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Little sister

September 08, 2020 | Community

When a family member steps up to face reality

“My sister is five years older than I and has long suffered with a mental health issue. At nine years old, she had her first episode of suicidal ideation – she would lock herself in the bathroom with kitchen knives. My family’s unhappiness and denial of her mental illness caused them to turn away from my sister. They ignored all the signs of self-harm and suicidal ideation. As the younger daughter, I tried to convince my family to take it seriously.

My sister became a mom at age 17. When her son (my nephew) was three years old, she had another episode—threatening to kill herself while the child was in her home with her. My sister was married by then and living 15 miles from me. I tried to get other family members to call for help. They were too ashamed. I finally drove to a pay phone (this was before cell phones, texting, etc.) and called 911. The state police responded, taking the knives away. My sister was admitted voluntarily to a psychiatric hospital for two weeks. My family did not call or visit her because she had “caused a scene.” For me, the trauma of that day was profound.

Even with treatment, over the next six to seven years my sister would struggle. Sometimes she would send me photos of pills and razor blades with notes that said simply, “good-bye.” By then I lived two hours away, and I spent hours trying to get her urgent help when providers would not talk to someone who did not have power of attorney and was not named on a HIPAA release form. My family still would not acknowledge my sister’s mental illness for fear of the stigma it would place on all of us.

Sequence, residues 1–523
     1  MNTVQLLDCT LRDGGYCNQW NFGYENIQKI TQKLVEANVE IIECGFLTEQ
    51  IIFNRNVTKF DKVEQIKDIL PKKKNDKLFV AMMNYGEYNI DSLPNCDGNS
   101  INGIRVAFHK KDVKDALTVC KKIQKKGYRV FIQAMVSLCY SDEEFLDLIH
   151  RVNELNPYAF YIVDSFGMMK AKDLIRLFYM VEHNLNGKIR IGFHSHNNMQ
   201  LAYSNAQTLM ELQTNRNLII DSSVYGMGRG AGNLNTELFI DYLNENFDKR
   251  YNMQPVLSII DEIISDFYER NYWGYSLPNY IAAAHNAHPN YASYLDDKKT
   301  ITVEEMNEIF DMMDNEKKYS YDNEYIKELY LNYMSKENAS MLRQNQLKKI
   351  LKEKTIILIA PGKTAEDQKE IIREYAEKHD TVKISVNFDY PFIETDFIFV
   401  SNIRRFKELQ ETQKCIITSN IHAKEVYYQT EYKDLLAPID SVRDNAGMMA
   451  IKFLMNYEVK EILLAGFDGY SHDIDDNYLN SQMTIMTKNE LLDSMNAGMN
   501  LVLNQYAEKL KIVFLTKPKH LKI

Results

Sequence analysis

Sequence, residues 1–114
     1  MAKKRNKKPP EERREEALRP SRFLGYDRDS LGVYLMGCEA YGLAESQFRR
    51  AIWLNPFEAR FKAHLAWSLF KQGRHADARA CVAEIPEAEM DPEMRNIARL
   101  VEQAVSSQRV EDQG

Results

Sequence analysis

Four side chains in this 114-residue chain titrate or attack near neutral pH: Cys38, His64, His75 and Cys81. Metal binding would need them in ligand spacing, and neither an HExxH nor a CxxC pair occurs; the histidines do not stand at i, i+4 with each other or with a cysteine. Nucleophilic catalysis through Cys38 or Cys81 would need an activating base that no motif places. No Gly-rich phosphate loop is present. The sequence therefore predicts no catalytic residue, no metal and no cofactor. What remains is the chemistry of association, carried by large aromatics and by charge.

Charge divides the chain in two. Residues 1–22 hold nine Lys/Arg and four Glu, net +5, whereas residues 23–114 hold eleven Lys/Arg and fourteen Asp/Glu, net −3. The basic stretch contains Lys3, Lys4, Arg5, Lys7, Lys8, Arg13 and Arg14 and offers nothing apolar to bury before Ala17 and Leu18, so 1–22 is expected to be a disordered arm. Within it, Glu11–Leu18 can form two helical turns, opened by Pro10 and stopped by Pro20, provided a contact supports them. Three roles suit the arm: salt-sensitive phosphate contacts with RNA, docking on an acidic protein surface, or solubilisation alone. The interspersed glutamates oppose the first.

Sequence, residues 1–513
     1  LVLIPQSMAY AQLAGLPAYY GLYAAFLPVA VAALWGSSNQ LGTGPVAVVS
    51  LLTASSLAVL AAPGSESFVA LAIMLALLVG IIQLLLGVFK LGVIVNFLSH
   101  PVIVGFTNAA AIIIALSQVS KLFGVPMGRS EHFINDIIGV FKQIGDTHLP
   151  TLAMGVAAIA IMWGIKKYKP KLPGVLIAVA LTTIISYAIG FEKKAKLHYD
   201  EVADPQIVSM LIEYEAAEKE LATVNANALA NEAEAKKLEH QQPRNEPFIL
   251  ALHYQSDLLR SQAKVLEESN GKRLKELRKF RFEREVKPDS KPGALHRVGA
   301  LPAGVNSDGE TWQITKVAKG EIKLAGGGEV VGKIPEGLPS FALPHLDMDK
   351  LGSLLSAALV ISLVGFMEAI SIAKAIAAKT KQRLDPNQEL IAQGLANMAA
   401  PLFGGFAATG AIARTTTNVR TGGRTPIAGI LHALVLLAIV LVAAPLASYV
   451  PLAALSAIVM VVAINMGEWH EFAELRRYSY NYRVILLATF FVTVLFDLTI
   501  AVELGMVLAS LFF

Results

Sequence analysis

As for my own life, I went into health care and built a career at Aetna. I’m based in Arizona. Knowing what my sister fought against, and the need for education and compassion toward those who contemplate, attempt and/or complete suicide, I decided to focus on mental health. At Aetna, we are working to ensure family and peer support for those struggling with suicide. We also communicate with providers to make sure they are educating patients on the importance of having a family member, friend or advocate listed on their HIPAA release form so health care professionals can communicate with them about the patient’s health care choices and best interests.

By now, you may be wondering how my sister’s story turned out. I’m so happy to tell you that she is today a proud grandma to four grandchildren, and has a healthy relationship with her son, who is now 31 years old. My sister faithfully takes her medications and is in therapy. She has not had an episode of suicidal ideation in several years.”

Erneshia Pinder is Program Director for CVS Health’s Strategic Diversity Management team, overseeing the execution of the enterprise’s nearly $600 million investment over five years to advance employee, community and public policy initiatives that address inequality faced by Black people and other disenfranchised communities. You can read more and follow her on LinkedIn.

As one of the country’s leading health companies, CVS Health is committed to helping people on their path to better health. Part of that mission is and must be the reversal of our devastating suicide trends. To drive meaningful suicide prevention, everyone must play a role. As employers, health care providers and community members, we have a collective responsibility to do more to intervene at times those at risk of suicide are most vulnerable.

CVS Health is prioritizing suicide prevention as a strategic imperative, intervening with members and non-members during vulnerable times to offer a range of specially tailored, evidence- based resources and support. CVS Health will also continue to partner with suicide prevention non-profits and industry experts such as the American Foundation for Suicide and Prevention (AFSP) to deliver suicide prevention training and expanded resources to Aetna members and the public. We commemorate Suicide Prevention Month knowing that that prevention and hope is possible for millions.

If you are thinking about suicide or are concerned about someone in your life being at risk, we encourage you to call the National Suicide Prevention Lifeline at 800-273-TALK (8255) or text HOME to 741741.